Total RNA was isolated from muscle using QiaZen RNeasy RNA extraction kit according to the manufacturer's recommended protocol (Valencia, CA). Affymetrix microarray gene expression was carried out by NIH microarray consortium at Yale University, CT. The RNA samples were analyzed for integrity, using RNA 6000 Nano LabChip Kit and 2100 Bioanalyzer (Agilent Technologies, Santa Clara, CA). The RNA was processed according to the standard Affymetrix protocol and analyzed using the Mouse Genome 430 2.0 Gene Chips. Data analysis was carried out using GeneSpring GX 7.3 software (Agilent Technologies). To test the differential expression of predefined sets of related genes between different treatment groups, GSEA was carried out (56).
PGC-1α adenovirus was a kind gift of Bruce M. Spiegelman (Dana Farber Cancer Research Center, Harvard University). The PGC-1α adenovirus contained the gene for GFP in tandem with the PGC-1α gene. PGC-1α adenovirus were injected into the muscle of WT and HD mice following earlier published method (76).
Statistical analysis was performed using GraphPad InStat statistical analysis software version 3.05 for Windows (San Diego, CA). The mean significant difference in the experimental groups was determined using one-way analysis of variance followed by Tukey–Kramer post hoc multiple comparisons test. Values of P < 0.05 were considered to be statistically significant.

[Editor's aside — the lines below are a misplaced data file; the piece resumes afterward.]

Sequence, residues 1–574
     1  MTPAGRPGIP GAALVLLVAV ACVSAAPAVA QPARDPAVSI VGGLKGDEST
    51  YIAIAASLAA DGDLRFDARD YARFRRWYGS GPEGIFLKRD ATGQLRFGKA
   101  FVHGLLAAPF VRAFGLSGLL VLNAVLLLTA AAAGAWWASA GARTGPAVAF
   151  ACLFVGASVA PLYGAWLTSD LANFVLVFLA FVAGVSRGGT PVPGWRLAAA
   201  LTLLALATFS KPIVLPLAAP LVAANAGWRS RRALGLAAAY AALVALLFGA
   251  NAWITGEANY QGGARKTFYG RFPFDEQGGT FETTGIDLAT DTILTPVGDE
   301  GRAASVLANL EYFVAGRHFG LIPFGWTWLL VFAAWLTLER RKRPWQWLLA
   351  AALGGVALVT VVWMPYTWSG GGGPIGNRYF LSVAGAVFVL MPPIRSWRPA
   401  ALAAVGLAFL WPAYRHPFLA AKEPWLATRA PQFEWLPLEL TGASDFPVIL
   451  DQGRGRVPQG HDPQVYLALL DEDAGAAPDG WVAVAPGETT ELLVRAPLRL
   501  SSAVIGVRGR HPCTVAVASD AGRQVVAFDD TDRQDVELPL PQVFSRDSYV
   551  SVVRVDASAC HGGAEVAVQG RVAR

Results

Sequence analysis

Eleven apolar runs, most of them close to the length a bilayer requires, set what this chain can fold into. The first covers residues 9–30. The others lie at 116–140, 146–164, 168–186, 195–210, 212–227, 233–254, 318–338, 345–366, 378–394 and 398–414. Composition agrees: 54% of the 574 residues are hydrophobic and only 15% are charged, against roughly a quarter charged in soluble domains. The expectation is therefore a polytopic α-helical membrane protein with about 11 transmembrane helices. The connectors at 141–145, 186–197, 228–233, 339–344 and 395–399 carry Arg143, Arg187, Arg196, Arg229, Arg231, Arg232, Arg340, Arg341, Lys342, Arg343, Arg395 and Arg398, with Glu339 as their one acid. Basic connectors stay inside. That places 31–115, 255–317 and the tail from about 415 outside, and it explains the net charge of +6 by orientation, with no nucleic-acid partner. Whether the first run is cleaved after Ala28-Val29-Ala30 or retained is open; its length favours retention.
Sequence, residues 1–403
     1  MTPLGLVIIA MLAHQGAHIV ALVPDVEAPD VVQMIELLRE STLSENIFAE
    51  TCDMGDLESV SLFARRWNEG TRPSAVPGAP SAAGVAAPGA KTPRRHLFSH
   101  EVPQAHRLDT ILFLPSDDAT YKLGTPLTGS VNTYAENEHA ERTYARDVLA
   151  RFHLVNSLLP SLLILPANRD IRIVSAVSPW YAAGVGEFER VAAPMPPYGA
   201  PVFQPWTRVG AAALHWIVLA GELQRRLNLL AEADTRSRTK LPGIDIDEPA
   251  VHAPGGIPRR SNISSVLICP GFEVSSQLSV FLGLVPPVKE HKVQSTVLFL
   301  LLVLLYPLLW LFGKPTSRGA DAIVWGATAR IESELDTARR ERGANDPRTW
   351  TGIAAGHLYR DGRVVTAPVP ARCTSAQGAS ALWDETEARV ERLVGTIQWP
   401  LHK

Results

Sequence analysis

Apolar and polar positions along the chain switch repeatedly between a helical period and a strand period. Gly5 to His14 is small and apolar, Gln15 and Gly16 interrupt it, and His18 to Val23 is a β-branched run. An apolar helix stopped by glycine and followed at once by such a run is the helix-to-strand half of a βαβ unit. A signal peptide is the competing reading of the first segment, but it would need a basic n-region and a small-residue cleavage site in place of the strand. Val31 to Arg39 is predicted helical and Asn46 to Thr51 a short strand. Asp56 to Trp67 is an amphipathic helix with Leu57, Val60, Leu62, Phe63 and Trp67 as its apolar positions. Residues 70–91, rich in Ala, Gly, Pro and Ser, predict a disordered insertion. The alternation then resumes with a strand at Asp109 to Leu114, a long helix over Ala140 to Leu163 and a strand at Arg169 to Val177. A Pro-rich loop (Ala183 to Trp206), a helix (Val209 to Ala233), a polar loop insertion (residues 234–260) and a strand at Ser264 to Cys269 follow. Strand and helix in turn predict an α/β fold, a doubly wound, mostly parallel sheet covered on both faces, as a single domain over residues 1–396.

This work was supported by the NS 39258 and Huntington's disease Society of America Coalition for the Cure.
We are thankful to Dr B.M Spiegelman for providing huntingtin ShRNA target sequence and PGC-1α adenoviral vector. Dr David Borchett is thanked for providing us with NLS-N171-82Q transgenic HD mice. We are also thankful to Laragen Inc. Los Angels, CA, for mice PCR genotyping. Secretarial assistance of Greta Strong is gratefully acknowledged.
Conflict of Interest statement. None declared.